“George, I (would) not want to be a manufacturer today – or really any other business. Regulation is out of control. HUD probably thinks its’ benevolent oversight has been the prime factor in the improvement of manufactured housing. It has not. The trend has been obvious and continuous, from the earliest days, with notable interruptions. One such was the introduction of the HUD-Code in the midst of market chaos (i.e. Circa early to mid 1970s).”

“Progress is made despite the drag of regulation, and will continue as long as the market thrives – a somewhat tenuous assumption at the moment. But really, the industry has bent over backward to comply with conflicting and sometimes counterproductive regulations. The price increases you mention may happen, but they should not. If we don’t need bigger exit windows, and I suspect we really don’t, the industry – all of us – should work together to illustrate today’s larger citizens (can) make their way out of the already standard exits. If panels in closets threaten life and limb, proof should be demanded. If HUD can make good arguments, they should be acknowledged, and changes phased in over time, giving learning curve a chance to cover the cost. Do our water heaters not have control settings?”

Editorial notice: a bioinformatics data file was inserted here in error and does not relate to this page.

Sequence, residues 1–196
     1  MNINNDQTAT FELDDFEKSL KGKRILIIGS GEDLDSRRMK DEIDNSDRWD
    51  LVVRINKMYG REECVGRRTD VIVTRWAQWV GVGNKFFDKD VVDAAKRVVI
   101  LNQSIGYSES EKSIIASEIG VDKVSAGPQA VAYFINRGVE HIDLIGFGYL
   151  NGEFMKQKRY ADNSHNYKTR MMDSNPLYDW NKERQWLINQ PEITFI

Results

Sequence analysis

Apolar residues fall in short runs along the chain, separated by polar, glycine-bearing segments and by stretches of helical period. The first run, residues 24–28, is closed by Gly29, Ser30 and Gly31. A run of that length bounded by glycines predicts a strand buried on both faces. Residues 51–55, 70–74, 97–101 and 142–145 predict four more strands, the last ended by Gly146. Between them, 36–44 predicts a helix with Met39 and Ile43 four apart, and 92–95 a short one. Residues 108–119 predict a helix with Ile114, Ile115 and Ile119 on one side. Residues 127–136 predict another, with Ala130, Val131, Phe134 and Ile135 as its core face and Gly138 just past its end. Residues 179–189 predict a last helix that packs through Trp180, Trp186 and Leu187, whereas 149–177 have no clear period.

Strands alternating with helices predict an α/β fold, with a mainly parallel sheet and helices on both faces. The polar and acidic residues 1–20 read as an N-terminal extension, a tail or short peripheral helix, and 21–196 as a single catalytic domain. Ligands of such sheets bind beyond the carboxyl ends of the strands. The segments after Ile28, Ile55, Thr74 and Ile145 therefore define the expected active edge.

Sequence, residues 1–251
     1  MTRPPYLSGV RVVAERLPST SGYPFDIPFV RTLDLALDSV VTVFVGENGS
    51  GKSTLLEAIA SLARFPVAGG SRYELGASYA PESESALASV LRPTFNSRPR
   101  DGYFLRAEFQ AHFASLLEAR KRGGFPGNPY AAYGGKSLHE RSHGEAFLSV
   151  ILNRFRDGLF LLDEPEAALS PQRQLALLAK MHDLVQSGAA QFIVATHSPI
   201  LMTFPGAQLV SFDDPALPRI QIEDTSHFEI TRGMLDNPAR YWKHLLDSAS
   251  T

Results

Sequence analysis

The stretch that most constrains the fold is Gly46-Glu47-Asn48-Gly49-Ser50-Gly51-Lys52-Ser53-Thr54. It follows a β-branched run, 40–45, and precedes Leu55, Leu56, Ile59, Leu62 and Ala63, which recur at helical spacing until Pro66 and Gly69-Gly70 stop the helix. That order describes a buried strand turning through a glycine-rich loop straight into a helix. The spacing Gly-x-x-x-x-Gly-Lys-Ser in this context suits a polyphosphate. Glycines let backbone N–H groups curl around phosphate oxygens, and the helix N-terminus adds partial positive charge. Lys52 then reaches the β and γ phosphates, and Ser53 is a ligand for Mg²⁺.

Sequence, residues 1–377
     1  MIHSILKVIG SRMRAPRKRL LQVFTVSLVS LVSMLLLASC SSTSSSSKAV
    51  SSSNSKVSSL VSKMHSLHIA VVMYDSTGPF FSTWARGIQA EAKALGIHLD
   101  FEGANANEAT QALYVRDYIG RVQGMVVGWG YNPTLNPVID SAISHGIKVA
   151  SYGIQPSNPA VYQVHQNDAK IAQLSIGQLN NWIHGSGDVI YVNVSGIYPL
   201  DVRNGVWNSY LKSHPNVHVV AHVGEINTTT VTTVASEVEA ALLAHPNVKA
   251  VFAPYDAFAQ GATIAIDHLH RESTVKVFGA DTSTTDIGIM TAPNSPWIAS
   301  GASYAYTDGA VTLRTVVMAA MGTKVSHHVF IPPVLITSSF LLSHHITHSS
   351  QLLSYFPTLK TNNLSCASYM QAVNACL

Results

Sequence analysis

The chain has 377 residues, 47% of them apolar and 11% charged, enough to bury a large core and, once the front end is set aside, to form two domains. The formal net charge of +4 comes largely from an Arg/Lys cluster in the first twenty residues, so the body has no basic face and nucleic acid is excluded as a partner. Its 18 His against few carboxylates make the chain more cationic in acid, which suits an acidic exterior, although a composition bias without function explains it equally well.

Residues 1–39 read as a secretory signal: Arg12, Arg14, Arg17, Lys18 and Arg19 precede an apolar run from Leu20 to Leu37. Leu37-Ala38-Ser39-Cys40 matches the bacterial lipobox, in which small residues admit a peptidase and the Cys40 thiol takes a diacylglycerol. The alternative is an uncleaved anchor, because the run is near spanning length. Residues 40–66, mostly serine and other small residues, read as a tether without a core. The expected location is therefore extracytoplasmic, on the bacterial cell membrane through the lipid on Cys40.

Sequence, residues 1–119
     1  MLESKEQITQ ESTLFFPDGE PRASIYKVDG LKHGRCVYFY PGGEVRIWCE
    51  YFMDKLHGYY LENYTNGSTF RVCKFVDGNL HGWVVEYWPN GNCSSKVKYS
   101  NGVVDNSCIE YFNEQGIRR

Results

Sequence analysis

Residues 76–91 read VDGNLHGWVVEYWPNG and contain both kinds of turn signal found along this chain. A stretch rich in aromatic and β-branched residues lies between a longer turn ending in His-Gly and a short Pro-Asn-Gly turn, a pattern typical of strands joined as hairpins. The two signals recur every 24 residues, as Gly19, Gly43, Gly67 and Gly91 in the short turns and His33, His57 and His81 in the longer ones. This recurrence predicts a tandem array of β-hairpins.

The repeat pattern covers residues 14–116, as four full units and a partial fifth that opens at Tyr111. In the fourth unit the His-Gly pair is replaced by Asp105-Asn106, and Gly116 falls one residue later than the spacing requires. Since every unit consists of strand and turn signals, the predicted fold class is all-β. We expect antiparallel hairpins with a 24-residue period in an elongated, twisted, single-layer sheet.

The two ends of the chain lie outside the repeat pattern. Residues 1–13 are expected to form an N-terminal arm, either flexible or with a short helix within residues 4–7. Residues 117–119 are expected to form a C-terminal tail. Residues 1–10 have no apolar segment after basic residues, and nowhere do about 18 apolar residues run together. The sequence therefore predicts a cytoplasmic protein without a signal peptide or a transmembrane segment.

“C’mon now, the government and the rest of us want low cost housing for the citizens. Let’s join together to get it produced!” Bob Vahsholtz

Know what my first – and continuing reaction was/is to Bob’s commentary? That’s why we all worked so hard to effect passage of the Manufactured Housing Improvement Act of 2000, a.k.a. MHIA@2000. And said passage, in part to implement a timely, practical working relationship among disparate government, regulatory, business, and consumer parties, in the form of the Manufactured Housing Consensus Committee or MHCC, which has not met in a long long time.